This is actually a graphics art question, not a TeX question. TeX is doing the right thing here.
I know more about color than I do about TeX (that's not saying much). My own computer is color-calibrated, so I tried the above code with color management turned on and off. This is partly a matter of the specific computer, and partly a matter of the software used to view the image.
The compiled document shows the expected color (129,212,83) when used with the Gpick application on Ubuntu, directly viewing the PDF. Same result whether TeX native PDF viewer, Ubuntu native PDF viewer, or Acrobat Reader DC.
If I import the PDF as raster to GIMP, and do NOT use color management, then the color remains the expected (129,212,83). But if I DO use color management in GIMP, the color changes to (91,233,86). The amount of change is specific to my computer; your results would be different.
What this means: RGB=(129,212,83) are merely three numbers fed to the monitor. They do not mean any specific color, believe it or not. But sRGB is color standard, in which the number do have a specific color meaning. So, sRGB=(129,212,83) is a specific color with scientific meaning.
When the graphics application does no color management (many do not, especially PDF readers), the screen is fed the raw RGB value, and produces whichever color is calculated by its internal graphics. But when color managed, the software reads color conversions from a table. It knows that the raw data (129,212,83) does not display the standard sRGB=(129,212,83) on my specific monitor. In order to see sRGB=(129,212,83), the numbers fed to the graphics are automatically changed to (91,233,86).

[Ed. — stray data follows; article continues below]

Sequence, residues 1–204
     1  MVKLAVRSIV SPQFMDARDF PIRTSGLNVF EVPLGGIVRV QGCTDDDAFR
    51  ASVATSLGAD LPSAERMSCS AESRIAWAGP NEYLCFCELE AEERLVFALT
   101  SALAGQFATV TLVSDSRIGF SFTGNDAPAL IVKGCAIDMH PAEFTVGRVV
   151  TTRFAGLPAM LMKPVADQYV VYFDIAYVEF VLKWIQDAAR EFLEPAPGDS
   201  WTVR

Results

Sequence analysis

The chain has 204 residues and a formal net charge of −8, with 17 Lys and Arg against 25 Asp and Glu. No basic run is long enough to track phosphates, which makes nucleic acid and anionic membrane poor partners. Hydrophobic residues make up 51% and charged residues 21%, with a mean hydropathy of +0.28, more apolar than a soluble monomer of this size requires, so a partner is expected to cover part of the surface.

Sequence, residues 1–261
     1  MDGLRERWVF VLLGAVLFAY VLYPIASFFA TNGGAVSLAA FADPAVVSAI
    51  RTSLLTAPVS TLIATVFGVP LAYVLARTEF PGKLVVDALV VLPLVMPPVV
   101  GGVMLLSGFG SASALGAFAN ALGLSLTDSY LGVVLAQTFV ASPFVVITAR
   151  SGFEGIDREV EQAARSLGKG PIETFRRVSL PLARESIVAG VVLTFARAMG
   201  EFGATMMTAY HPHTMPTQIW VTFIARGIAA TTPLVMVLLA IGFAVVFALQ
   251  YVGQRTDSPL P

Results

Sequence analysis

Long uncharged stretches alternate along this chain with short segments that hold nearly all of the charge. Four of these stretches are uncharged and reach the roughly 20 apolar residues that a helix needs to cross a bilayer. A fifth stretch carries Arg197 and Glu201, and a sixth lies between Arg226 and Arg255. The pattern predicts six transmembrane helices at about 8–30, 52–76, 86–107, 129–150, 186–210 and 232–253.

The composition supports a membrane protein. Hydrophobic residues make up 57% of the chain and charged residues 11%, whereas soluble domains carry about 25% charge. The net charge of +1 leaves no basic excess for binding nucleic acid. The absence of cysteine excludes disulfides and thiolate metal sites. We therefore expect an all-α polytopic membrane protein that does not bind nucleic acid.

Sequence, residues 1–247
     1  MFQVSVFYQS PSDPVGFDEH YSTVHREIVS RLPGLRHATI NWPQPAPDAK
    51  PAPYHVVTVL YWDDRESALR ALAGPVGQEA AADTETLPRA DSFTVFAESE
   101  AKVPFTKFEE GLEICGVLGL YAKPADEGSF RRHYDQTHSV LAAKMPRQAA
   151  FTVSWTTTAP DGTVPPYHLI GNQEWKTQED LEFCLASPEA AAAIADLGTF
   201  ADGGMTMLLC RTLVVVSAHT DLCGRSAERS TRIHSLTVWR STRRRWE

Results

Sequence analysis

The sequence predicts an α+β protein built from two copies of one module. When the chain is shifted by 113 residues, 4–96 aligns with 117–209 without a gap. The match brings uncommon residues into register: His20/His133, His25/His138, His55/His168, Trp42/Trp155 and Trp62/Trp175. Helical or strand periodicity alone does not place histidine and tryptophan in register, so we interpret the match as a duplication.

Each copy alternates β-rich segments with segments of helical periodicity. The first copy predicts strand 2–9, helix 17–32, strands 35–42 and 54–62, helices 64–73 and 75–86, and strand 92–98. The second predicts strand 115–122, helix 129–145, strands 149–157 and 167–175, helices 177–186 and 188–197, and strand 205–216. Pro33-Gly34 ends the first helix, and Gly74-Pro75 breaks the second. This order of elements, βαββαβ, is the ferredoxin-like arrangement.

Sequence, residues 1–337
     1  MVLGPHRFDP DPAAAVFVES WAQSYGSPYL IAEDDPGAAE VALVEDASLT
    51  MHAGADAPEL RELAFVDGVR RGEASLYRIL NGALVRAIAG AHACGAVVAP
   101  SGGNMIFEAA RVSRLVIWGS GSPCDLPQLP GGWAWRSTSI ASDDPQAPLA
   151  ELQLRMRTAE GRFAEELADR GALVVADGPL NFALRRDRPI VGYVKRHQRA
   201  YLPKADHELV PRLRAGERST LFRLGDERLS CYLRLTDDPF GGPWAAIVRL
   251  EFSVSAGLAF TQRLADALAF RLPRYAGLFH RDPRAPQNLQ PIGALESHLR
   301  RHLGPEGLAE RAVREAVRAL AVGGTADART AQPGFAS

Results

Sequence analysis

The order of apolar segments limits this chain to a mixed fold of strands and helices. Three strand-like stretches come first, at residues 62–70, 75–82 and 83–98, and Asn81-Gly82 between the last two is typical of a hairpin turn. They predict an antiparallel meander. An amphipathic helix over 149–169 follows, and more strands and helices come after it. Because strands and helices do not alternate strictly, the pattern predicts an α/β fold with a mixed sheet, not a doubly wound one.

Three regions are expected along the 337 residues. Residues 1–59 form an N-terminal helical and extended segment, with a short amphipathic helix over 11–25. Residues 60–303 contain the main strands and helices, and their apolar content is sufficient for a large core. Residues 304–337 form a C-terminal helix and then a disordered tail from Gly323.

So, if I pick the color displayed by a color-managed application, the picker detects the managed (91,233,86) rather than the raw (129,212,83). The value stored in the PDF is still (129,212,83). I can see it on my monitor by turning off color management; but then the visible shade of green is not technically the correct sRGB color.
It is possible that your color picker has built-in color management. Some software does. Perhaps it can be turned off. Or, the color management may be done by the platform (I do not have your platform to check that).